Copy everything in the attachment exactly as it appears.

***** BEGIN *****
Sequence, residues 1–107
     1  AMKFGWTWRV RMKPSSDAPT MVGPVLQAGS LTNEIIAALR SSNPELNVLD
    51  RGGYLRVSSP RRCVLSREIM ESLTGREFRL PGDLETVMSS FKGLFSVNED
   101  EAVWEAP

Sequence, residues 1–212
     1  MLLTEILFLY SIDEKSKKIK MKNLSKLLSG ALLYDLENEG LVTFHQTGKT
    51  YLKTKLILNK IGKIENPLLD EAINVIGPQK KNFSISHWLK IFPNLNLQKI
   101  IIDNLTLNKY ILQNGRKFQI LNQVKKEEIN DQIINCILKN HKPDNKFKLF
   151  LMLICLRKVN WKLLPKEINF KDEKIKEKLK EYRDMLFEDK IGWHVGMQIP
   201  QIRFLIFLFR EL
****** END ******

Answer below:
Sequence, residues 1–107
     1  AMKFGWTWRV RMKPSSDAPT MVGPVLQAGS LTNEIIAALR SSNPELNVLD
    51  RGGYLRVSSP RRCVLSREIM ESLTGREFRL PGDLETVMSS FKGLFSVNED
   101  EAVWEAP

Sequence, residues 1–212
     1  MLLTEILFLY SIDEKSKKIK MKNLSKLLSG ALLYDLENEG LVTFHQTGKT
    51  YLKTKLILNK IGKIENPLLD EAINVIGPQK KNFSISHWLK IFPNLNLQKI
   101  IIDNLTLNKY ILQNGRKFQI LNQVKKEEIN DQIINCILKN HKPDNKFKLF
   151  LMLICLRKVN WKLLPKEINF KDEKIKEKLK EYRDMLFEDK IGWHVGMQIP
   201  QIRFLIFLFR EL